This nifty green 3-cent stamp, which honors 4-H youth clubs, was issued 64 years ago, when three pennies was all you needed to mail a one-ounce, first-class letter.
Part of the reason I wanted to write about this particular stamp is our family's experience with this organization. We are very fortunate, especially as homeschoolers, to have 4-H as a part of our lives here in York County, Pennsylvania. Sarah has been involved in two clubs (Wildlife Watchers, Alpaca Club) for years and has also taken part in some outstanding educational field trips and overnight programs. If you have kids and a 4-H program in your neck of the woods, I heartily recommend that you check it out.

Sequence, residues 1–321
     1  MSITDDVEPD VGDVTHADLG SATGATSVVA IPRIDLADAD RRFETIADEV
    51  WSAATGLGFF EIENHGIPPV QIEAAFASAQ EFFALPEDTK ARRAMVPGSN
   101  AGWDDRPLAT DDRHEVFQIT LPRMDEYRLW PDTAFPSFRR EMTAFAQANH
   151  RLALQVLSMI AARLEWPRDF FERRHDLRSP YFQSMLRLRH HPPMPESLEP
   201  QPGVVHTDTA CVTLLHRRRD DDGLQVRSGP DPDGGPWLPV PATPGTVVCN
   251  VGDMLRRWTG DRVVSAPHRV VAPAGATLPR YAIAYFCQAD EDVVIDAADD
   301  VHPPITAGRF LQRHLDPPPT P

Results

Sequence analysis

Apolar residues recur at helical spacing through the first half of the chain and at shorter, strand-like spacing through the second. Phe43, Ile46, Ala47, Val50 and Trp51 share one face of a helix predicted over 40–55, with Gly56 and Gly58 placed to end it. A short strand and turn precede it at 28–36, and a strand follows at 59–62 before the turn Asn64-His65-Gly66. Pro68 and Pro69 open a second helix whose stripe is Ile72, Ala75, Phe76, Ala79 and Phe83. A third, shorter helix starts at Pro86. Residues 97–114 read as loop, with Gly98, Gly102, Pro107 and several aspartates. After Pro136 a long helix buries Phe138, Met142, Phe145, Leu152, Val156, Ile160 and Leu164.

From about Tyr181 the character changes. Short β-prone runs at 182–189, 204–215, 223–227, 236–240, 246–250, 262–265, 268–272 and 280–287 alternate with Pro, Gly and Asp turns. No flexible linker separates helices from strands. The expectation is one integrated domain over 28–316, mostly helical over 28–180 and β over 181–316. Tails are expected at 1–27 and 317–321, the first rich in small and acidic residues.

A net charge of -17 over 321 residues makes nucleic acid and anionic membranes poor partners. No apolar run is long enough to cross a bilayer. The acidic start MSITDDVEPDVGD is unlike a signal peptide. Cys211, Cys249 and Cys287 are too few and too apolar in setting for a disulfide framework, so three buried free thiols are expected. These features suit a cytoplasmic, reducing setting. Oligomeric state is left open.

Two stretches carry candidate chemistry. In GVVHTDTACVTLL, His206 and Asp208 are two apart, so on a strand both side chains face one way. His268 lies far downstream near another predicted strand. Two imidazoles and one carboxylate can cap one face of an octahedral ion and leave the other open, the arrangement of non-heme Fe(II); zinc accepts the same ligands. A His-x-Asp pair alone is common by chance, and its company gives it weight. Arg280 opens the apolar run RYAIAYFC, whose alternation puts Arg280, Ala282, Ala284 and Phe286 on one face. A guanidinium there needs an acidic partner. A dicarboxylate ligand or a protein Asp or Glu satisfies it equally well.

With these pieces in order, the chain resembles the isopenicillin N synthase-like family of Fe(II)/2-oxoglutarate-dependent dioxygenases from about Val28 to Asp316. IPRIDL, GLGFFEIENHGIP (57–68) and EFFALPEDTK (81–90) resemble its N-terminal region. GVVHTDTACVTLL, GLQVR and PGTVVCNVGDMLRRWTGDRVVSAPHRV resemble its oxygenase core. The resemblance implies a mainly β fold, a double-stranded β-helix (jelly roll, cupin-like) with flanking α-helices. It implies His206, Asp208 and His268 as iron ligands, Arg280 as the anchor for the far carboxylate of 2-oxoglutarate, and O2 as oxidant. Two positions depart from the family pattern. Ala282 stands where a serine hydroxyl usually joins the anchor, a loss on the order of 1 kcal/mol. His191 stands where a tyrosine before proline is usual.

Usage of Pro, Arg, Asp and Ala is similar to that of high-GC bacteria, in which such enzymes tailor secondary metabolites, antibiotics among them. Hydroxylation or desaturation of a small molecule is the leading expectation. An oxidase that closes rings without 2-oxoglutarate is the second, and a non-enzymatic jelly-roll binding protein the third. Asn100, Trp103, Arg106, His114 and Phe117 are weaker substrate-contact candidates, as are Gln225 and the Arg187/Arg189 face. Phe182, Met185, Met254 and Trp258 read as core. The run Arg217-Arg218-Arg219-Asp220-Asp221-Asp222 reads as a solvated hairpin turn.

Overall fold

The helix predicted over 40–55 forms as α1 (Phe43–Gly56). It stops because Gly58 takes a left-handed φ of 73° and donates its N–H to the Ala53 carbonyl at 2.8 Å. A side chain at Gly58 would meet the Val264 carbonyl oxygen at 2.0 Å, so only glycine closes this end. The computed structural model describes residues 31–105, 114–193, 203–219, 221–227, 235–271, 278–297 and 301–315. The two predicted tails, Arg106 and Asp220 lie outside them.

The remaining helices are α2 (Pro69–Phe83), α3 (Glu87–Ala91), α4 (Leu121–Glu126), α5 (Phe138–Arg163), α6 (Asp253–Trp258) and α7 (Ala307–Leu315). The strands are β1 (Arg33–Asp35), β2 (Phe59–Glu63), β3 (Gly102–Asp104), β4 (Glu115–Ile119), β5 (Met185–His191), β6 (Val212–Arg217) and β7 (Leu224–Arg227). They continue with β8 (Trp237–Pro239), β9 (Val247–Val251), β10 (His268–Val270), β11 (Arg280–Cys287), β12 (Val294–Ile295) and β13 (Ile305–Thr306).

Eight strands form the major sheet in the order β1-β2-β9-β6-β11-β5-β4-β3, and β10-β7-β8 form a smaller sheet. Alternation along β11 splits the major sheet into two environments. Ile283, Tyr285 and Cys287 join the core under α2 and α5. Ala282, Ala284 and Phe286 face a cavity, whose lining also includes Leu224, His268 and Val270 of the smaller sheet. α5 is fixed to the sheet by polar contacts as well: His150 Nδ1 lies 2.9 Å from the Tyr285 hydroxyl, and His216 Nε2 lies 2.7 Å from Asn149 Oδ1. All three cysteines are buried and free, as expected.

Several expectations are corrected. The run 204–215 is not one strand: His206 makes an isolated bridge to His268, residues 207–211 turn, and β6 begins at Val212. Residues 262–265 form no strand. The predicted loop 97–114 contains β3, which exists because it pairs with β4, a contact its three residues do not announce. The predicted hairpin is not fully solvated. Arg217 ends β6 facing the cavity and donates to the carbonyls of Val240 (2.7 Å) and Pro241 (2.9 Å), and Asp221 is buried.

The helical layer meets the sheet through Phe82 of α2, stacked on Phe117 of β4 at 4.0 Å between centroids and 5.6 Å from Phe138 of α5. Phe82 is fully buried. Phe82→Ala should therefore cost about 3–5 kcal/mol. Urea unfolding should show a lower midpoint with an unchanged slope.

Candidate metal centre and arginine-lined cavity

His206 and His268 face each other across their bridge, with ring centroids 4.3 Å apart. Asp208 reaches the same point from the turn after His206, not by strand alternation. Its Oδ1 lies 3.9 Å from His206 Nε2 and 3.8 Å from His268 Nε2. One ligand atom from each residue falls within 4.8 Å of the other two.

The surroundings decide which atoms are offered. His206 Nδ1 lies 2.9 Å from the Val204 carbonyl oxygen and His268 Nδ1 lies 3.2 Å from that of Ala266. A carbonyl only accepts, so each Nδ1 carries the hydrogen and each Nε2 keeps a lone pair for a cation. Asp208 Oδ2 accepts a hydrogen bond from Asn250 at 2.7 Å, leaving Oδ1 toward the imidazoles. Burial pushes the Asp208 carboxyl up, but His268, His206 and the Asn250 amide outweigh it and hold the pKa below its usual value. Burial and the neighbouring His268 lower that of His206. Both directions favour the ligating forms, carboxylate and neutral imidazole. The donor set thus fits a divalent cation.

As for this stamp, the Mystic Stamp Company tells us that U.S. #1005 was issued on January 15, 1952. And the National 4-H History Preservation Program tells us that the stamp was designed by C.R. Chickering and engraved by M.D. Fenton.
The Preservation Program has a boatload of great information about this stamp's history, so you should check it out. Here are a few more of their notes:
- The stamp was officially released in Springfield, Ohio, which was considered to be a federal validation of the once-debated claim that A.B. Graham launched the first of the youth programs in that area in 1902.
- 4-H members in the Springfield area were excused from school on the day the stamp was released, so that they could attend festivities that included music and speeches. Graham himself was present, and he talked about raising pigs as a youth.
- More than 400,000 pieces of mail bearing the new 4-H stamp received first-day cancellations. The biggest single mailer was the Stran-Steel Division, Great Lakes Steel Corp., with over 16,000 envelopes addressed to farm leaders throughout the country.
a 4-H alpaca named Coal